By Traci Sorell
Today I’m excited to feature an inspiring Choctaw duo–author Sherri Maret and illustrator Merisha Sequoia Clark–who crafted The Cloud Artist, a bilingual Choctaw-English fiction picture book (RoadRunner Press, 2017).
The story centers on a young Choctaw girl who creates art using clouds, and it has been well received since publication. It was a 2018 Oklahoma Book Award finalist,
Continue Reading Native Voices & Visions: Sherri Maret & Merisha Sequoia Clark on The Cloud Artist »
By Robin Galbraith
In today’s world of author branding how do you market yourself if you’re interested for writing for more than one age level? What are the joys and challenges of working across age levels? Are agents still willing to work with someone who doesn’t commit to just one age level?
These are the questions I asked five currently publishing authors: Hena Khan,
Continue Reading Author Interview: Writing & Marketing for Multiple Age-Levels »
By Robin Galbraith
Putting together a fabulous book launch is tricky for any author. But what if the author has a family tragedy just a few weeks before their book comes out?
At the beginning of the year, Lenore Appelhans, author of the delightfully clever YA novel The Manic Pixie Dream Boy Improvement Project (Carolrhoda Lab), was excited about her upcoming March 2019 book launch.
Continue Reading Intern Insights: How Lenore Appelhan’s Friends Created A Wonderful Book Launch Under Difficult Circumstances »
By J. Albert Mann
The Choice Between Fiction or Nonfiction
Choosing is what writers do. We choose our subjects, our characters, our point of views. If you write fiction, you are literally responsible for every horrible event which befalls your characters because they’re all your choices.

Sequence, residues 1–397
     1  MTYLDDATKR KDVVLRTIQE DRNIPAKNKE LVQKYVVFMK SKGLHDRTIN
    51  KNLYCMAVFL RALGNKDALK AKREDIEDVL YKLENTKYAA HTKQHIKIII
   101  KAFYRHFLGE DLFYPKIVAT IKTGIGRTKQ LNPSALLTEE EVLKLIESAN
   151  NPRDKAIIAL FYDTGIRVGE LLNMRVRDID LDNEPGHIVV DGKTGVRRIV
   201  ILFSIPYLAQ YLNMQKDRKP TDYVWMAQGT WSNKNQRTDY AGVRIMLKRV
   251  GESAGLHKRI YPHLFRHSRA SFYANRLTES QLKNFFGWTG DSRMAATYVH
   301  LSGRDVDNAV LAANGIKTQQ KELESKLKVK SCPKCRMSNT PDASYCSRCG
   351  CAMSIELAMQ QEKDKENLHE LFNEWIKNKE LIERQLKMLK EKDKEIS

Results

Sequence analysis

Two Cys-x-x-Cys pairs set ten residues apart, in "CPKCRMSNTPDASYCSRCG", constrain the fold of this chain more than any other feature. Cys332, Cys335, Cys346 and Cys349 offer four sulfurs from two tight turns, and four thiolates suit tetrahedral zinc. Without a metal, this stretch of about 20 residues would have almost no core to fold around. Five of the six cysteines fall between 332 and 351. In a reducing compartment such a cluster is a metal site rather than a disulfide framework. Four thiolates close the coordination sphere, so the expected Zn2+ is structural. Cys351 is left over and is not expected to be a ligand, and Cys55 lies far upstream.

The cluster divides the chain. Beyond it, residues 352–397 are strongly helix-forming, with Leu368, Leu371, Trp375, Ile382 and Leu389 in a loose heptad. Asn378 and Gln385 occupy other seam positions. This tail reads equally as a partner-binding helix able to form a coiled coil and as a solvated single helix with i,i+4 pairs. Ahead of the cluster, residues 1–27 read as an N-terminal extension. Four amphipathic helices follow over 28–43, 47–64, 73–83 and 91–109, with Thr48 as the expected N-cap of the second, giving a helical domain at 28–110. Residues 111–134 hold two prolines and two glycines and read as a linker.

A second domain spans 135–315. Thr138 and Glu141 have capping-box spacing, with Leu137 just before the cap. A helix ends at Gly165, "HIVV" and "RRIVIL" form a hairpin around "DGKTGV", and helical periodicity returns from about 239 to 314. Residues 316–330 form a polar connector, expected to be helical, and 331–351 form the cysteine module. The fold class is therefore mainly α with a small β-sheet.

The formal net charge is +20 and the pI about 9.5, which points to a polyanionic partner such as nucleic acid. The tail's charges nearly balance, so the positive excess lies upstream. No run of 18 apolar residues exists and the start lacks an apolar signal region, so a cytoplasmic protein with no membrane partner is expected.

But there are choices in nonfiction, too—an entire universe of choices…even other universes. One of these choices in writing nonfiction is to crossover into fiction.
Continue Reading Guest Post: J. Albert Mann on Choosing Fiction Over Nonfiction to Write Margaret Sanger’s Life »
Brian Yansky on Brian Yansky: “It’s an old story. I was born and I was very small and then I got larger and then one day I stopped growing and, with minor adjustments, I’ve stayed about the same size ever since. All of this growing happened in Iowa where, I once read, there are eight pigs for every person. I didn’t really notice at the time, but I still felt compelled to leave at my earliest opportunity.
Continue Reading Author Interview: Brian Yansky on Wonders of the World »
Deborah Davis on Deborah Davis: “I write contemporary, realistic fiction about teens who think seriously about themselves and the world, who take risks, make mistakes, figure out what they love, and learn to laugh at themselves. My books contain a lot of ‘issues,’ but they contain humor as well.
“When I teach writing workshops, I teach from the belief that everyone can write well, given the right support and encouragement.
Continue Reading Author Interview: Deborah Davis on Not Like You »
April Lurie on April Lurie: “I’m a Brooklyn girl. When I write, I’m back in my old neighborhood reinventing my teenage life. But for the past fourteen years my husband and I have been raising our kids in Austin, Texas–a fabulous city with a vibrant and supportive children’s and young adult writers’ community.”
You last spoke to Cynsations in 2002 about your debut novel,
Continue Reading Author Interview: April Lurie on Brothers, Boyfriends, and Other Criminal Minds »
David Lubar on David Lubar: “I write novels and short stories for anyone with a sense of humor or a sense of wonder. My hobbies include procrastination, complaining, and voting for myself on teen-choice book lists.”
You last spoke to Cynsations in 2005 about your YA novel, Sleeping Freshmen Never Lie (Dutton, 2005). Could you fill us in on your writing life since that time?
Continue Reading Author Interview: David Lubar on True Talents »
Olivia Birdsall on Olivia Birdsall: “I was born and raised in Orange County, CA, the second of ten children. (People always ask me, ‘Sooo ten kids, how was that?’ like my parents must have been cousins, or lived on a commune or a dirt farm, or something…
“I really loved having all of those brothers and sisters. They’re all amazingly smart and beautiful and funny.
Continue Reading Author Feature: Olivia Birdsall »
Author Tanya Lee Stone last spoke to Cynsations about her debut novel in February 2006. She updates us on the latest news of the book.
Congratulations on the release of the paperback edition of A Bad Boy Can Be Good for a Girl (Wendy Lamb/Random House, 2007)! What’s new for your readers in the soft cover?
The first thing you will notice is its hot and sexy new cover!
Continue Reading Author Follow-up: Tanya Lee Stone on A Bad Boy Can Be Good for a Girl »